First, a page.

Home > #MTBoS, Commentary, Education Policy, Teaching > What are the challenges facing maths teachers?

What are the challenges facing maths teachers?

This post was originally published here on Edustaff on 26th June 2015.

A while ago I received an email asking what I thought were the main challenges facing maths teachers, and it got me thinking.

The challenges fall into two main categories. There’s the problems all teachers face and then there’s the problems that are more specific to maths teachers.

For the wider profession, the main issues revolve around the negative views of teaching and teachers that seem to be all too prevalent in today’s world. I’m not sure where they stem from, but I don’t think they’re helped by the scorn the media throws onto us, especially during the strike action the other year.

These challenges seem exacerbated by the government rhetoric that has seen education secretaries refer to teachers as “enemies of hope”, “dealers in despair” and “enemies of promise”. Breaking these negative stereotypes is also not helped by the military analogies used. Recently the Prime Minister announced he was to “wage war” on coasting schools. I agree that no school should be coasting, but using terms like ‘wage war’ gives the positive change we are aspiring to a very negative spin.

I don’t know how we, as teachers, can alter this. We already work our socks off to ensure that the learners in our care get the best possible education… I guess we just keep up the hard work and hope the negativity drops.

I believe the main maths-specific issues also centre on perceptions. However, the challenges here are down to the perceptions of maths espoused by many people, rather than the perceptions of the teachers themselves.

I’ve heard a Head of English say she never understood algebra and it didn’t do her any harm; I’ve heard teaching assistants say “I’ve never understood maths”; I’ve heard a Deputy Head question year 11s as to why they’d consider choosing a “boring” A-level.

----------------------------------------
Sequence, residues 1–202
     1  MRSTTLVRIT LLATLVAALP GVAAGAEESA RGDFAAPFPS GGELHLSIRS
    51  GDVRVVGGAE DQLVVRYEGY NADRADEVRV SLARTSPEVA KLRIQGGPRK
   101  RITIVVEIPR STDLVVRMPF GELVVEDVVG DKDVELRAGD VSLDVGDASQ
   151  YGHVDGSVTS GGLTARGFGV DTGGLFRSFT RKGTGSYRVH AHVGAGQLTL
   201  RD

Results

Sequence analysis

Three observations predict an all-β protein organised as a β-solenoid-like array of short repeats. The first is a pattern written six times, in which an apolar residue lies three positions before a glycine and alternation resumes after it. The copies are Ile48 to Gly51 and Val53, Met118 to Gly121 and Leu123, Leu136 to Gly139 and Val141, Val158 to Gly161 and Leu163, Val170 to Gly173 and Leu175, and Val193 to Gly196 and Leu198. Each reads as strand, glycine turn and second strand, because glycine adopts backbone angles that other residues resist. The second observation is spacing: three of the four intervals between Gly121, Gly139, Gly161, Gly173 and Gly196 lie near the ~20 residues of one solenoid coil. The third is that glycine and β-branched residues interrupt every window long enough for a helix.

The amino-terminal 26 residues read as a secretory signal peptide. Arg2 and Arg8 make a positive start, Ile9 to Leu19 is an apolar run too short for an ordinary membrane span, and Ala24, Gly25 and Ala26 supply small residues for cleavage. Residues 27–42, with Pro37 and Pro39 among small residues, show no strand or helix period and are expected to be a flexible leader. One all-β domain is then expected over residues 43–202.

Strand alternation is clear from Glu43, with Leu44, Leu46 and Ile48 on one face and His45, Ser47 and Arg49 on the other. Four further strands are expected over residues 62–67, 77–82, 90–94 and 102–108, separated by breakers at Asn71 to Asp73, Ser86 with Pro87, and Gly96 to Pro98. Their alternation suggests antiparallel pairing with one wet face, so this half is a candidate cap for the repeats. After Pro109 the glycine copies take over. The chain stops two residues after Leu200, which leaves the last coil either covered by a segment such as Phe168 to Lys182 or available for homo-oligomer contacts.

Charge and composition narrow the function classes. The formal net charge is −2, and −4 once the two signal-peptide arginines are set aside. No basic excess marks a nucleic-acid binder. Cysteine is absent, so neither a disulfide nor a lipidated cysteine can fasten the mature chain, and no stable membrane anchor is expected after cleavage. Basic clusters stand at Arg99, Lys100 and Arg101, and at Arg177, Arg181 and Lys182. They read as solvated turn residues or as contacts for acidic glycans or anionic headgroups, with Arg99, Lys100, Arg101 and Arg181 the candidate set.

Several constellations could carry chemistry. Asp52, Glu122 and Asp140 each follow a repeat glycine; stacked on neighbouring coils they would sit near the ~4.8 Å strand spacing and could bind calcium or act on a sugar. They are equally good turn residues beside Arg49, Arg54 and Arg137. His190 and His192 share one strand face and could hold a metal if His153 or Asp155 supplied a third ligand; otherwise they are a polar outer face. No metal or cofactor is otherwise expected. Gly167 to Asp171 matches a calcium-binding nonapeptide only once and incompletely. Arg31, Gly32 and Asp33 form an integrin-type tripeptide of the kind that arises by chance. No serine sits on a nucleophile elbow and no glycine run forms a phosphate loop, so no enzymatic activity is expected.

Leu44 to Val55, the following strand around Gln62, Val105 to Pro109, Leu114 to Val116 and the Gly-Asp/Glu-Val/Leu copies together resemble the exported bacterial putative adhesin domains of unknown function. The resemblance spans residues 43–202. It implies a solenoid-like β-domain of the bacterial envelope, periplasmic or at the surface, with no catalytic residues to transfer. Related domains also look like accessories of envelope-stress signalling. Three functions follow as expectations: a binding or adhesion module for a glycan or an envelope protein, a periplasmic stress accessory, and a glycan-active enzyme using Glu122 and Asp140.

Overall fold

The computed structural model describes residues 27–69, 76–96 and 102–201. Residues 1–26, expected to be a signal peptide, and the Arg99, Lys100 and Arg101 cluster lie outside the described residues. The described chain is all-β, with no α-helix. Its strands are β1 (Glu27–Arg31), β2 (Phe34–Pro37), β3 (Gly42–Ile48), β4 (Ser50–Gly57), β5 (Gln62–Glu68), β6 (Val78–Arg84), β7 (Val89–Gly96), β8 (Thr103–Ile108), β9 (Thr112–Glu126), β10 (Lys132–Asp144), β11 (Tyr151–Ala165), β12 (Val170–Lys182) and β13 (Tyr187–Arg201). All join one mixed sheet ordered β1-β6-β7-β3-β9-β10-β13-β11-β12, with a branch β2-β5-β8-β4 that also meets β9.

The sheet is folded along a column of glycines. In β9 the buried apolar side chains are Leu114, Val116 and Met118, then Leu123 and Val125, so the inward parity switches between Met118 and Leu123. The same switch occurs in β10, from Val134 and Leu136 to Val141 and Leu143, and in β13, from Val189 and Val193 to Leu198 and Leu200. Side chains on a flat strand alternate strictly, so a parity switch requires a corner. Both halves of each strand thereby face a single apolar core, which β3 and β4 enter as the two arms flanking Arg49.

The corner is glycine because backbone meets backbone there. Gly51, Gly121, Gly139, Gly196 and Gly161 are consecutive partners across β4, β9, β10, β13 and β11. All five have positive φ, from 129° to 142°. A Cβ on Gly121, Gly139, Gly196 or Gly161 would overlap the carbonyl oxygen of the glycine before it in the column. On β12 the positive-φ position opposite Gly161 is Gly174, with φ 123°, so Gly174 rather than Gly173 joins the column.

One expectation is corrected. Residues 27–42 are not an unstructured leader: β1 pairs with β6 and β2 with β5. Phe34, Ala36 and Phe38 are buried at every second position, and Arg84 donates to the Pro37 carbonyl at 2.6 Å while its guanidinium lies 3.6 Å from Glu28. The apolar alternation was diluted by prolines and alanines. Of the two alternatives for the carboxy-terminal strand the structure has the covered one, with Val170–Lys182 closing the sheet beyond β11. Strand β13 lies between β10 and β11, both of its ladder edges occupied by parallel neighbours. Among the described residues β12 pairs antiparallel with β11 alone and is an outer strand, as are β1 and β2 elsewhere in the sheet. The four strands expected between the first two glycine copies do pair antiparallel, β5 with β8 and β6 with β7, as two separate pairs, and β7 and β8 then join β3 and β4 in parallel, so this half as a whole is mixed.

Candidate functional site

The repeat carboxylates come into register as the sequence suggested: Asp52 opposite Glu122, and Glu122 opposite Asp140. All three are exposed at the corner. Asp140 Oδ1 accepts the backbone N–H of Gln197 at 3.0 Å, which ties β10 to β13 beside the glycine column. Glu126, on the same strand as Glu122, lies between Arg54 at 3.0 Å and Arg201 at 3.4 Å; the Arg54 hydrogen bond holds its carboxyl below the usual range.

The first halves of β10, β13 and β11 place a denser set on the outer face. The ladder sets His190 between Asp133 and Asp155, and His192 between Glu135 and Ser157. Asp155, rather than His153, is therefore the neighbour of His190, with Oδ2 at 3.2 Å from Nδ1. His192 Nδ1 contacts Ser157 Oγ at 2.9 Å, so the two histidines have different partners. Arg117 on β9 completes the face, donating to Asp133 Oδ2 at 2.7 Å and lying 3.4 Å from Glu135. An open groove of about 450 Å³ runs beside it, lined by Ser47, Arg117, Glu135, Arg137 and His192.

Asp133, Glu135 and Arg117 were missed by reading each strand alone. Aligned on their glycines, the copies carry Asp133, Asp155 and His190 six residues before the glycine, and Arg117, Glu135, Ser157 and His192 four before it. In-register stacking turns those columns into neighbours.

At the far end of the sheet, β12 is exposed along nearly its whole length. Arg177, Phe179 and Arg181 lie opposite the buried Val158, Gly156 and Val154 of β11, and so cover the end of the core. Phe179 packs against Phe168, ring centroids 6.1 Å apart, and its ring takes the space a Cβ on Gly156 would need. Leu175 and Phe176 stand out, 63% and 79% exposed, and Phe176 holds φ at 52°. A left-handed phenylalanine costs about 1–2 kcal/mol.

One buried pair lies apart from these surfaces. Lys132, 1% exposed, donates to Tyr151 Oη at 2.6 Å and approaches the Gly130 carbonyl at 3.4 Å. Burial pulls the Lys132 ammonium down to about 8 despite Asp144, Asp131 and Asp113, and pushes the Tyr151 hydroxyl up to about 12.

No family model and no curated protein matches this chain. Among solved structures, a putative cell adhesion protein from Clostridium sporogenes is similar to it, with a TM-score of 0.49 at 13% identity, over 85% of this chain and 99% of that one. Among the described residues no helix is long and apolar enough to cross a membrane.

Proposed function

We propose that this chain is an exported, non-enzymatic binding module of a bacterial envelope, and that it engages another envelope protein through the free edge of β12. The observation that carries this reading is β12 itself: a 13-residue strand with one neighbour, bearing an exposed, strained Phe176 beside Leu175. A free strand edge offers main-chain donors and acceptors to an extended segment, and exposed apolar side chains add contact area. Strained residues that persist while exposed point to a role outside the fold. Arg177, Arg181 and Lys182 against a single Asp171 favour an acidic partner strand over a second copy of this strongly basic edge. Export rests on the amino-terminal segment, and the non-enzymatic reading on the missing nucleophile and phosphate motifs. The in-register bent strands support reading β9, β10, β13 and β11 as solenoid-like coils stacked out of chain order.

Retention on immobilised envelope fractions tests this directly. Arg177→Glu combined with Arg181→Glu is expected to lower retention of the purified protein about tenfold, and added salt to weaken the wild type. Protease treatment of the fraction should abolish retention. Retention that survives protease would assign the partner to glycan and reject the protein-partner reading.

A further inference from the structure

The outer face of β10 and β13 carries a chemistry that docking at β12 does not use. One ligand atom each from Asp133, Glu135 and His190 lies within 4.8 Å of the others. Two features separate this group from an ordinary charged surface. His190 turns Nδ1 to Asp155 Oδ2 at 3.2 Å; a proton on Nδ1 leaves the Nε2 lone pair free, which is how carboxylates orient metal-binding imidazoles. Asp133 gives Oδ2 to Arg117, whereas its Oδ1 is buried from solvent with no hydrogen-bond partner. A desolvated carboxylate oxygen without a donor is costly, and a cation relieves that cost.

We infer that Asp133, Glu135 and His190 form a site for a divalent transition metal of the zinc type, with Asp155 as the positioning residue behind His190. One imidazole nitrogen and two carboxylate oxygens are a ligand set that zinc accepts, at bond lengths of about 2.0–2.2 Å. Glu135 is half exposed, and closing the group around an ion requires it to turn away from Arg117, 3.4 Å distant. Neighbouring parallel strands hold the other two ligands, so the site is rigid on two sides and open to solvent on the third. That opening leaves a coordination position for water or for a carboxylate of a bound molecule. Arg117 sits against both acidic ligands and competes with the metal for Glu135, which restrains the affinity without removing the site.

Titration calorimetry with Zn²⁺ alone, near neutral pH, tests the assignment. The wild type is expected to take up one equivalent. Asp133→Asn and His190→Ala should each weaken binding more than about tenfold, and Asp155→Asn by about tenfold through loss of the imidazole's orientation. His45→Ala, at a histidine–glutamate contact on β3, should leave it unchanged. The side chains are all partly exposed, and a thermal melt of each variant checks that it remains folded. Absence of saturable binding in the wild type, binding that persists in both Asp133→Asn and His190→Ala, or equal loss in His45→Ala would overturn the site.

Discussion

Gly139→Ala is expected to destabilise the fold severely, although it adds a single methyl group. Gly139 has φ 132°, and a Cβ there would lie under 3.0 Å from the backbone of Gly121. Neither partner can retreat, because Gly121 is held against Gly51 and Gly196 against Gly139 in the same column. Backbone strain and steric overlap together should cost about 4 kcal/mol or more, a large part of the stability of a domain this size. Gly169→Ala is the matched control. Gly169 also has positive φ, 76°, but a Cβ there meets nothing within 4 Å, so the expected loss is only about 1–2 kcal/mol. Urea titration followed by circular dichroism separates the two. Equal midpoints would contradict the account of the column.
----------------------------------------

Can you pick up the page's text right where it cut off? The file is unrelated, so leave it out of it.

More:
Astonishingly, I’ve even heard a teacher tell a class “I don’t know how to change the score out of 40 into a percentage, ask a maths teacher.”

Students hear this and get instantly turned off. They often hear these views at home from parents who either “couldn’t do” or “didn’t like” maths. I had a year 7 learner the other year who had an in-built learned helplessness on algebra. She used to say “my dad’s the cleverest person I know and he can’t do algebra, how do you expect me to.”

After a lesson on quadratics, I asked her, “How did you find that?”

“It was well easy,” she said, “it’s only algebra I can’t do.” It took all I had to explain it was algebra without laughing.

I think this example suggests that the parents in question were failed by their own maths teachers. I think the best way to combat this is to really make sure this generation love maths and do understand it, avoiding a similar situation in the future.

As for the teachers, we all need to support each other. If teachers of other subjects are struggling with basic maths, we can help with that, and if they can start to realise the damage they do when rubbishing our subject, surely they would stop! I’d never think of slagging off another subject to learners, and I wish everyone felt the same.

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  1. Ronald
    June 29, 2015 at 10:17 am

    I agree and I disagree.

    It’s perhaps part of a teacher’s job to admit: “I genuinely found this hard, you’re not alone”.

    I have parents at the moment who express to their (Key Stage 2) child, “we never fully understood this level of maths at all, but we are delighted that you do and we want to support you”.

    Being generally positive rather than negative is important, as you say, but I also think there is important space for adults, parents and teachers to admit their faults and show children that they are not expected to be perfect.

    • June 29, 2015 at 10:46 am

      Aye, when phrased in a positive way I can see a benefit. My experience is more of negative framing unfortunately.

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